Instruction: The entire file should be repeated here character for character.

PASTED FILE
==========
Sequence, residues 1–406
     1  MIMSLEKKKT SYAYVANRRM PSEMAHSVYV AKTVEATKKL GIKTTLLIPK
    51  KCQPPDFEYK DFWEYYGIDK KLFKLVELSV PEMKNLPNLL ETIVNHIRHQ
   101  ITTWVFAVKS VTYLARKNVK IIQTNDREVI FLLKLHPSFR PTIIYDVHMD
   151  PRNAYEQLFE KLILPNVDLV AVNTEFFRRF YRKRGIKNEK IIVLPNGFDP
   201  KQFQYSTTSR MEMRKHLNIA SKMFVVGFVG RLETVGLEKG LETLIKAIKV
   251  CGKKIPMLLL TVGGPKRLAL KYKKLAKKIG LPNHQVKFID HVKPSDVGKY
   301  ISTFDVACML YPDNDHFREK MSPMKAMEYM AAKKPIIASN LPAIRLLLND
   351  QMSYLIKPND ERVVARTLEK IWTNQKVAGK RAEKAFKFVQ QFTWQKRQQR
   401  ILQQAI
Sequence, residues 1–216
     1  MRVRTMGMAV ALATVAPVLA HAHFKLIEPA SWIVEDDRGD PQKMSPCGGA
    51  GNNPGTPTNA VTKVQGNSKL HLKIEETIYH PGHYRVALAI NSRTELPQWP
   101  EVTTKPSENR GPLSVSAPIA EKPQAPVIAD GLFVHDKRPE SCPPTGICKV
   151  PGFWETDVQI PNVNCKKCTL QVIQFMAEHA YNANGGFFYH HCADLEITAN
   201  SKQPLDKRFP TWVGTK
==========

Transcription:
Sequence, residues 1–406
     1  MIMSLEKKKT SYAYVANRRM PSEMAHSVYV AKTVEATKKL GIKTTLLIPK
    51  KCQPPDFEYK DFWEYYGIDK KLFKLVELSV PEMKNLPNLL ETIVNHIRHQ
   101  ITTWVFAVKS VTYLARKNVK IIQTNDREVI FLLKLHPSFR PTIIYDVHMD
   151  PRNAYEQLFE KLILPNVDLV AVNTEFFRRF YRKRGIKNEK IIVLPNGFDP
   201  KQFQYSTTSR MEMRKHLNIA SKMFVVGFVG RLETVGLEKG LETLIKAIKV
   251  CGKKIPMLLL TVGGPKRLAL KYKKLAKKIG LPNHQVKFID HVKPSDVGKY
   301  ISTFDVACML YPDNDHFREK MSPMKAMEYM AAKKPIIASN LPAIRLLLND
   351  QMSYLIKPND ERVVARTLEK IWTNQKVAGK RAEKAFKFVQ QFTWQKRQQR
   401  ILQQAI
Sequence, residues 1–216
     1  MRVRTMGMAV ALATVAPVLA HAHFKLIEPA SWIVEDDRGD PQKMSPCGGA
    51  GNNPGTPTNA VTKVQGNSKL HLKIEETIYH PGHYRVALAI NSRTELPQWP
   101  EVTTKPSENR GPLSVSAPIA EKPQAPVIAD GLFVHDKRPE SCPPTGICKV
   151  PGFWETDVQI PNVNCKKCTL QVIQFMAEHA YNANGGFFYH HCADLEITAN
   201  SKQPLDKRFP TWVGTK